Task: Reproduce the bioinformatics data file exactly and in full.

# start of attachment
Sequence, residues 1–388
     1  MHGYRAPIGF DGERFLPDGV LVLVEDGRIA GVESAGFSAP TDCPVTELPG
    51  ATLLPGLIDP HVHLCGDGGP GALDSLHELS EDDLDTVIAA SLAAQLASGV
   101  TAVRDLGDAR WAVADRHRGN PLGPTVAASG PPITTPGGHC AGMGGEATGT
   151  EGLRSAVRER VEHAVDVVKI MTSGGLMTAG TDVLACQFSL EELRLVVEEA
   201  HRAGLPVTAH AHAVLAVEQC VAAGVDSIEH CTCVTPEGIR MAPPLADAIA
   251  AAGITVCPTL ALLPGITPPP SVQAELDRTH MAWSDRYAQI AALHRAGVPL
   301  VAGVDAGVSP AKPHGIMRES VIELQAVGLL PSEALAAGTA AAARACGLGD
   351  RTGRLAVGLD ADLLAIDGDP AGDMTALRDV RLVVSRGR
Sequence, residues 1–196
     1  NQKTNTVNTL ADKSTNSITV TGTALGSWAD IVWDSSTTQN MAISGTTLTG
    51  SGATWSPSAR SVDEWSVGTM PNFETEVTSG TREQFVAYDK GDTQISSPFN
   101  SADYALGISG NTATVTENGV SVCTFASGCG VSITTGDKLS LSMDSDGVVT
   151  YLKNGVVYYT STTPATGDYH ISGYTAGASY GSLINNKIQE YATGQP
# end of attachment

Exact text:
Sequence, residues 1–388
     1  MHGYRAPIGF DGERFLPDGV LVLVEDGRIA GVESAGFSAP TDCPVTELPG
    51  ATLLPGLIDP HVHLCGDGGP GALDSLHELS EDDLDTVIAA SLAAQLASGV
   101  TAVRDLGDAR WAVADRHRGN PLGPTVAASG PPITTPGGHC AGMGGEATGT
   151  EGLRSAVRER VEHAVDVVKI MTSGGLMTAG TDVLACQFSL EELRLVVEEA
   201  HRAGLPVTAH AHAVLAVEQC VAAGVDSIEH CTCVTPEGIR MAPPLADAIA
   251  AAGITVCPTL ALLPGITPPP SVQAELDRTH MAWSDRYAQI AALHRAGVPL
   301  VAGVDAGVSP AKPHGIMRES VIELQAVGLL PSEALAAGTA AAARACGLGD
   351  RTGRLAVGLD ADLLAIDGDP AGDMTALRDV RLVVSRGR
Sequence, residues 1–196
     1  NQKTNTVNTL ADKSTNSITV TGTALGSWAD IVWDSSTTQN MAISGTTLTG
    51  SGATWSPSAR SVDEWSVGTM PNFETEVTSG TREQFVAYDK GDTQISSPFN
   101  SADYALGISG NTATVTENGV SVCTFASGCG VSITTGDKLS LSMDSDGVVT
   151  YLKNGVVYYT STTPATGDYH ISGYTAGASY GSLINNKIQE YATGQP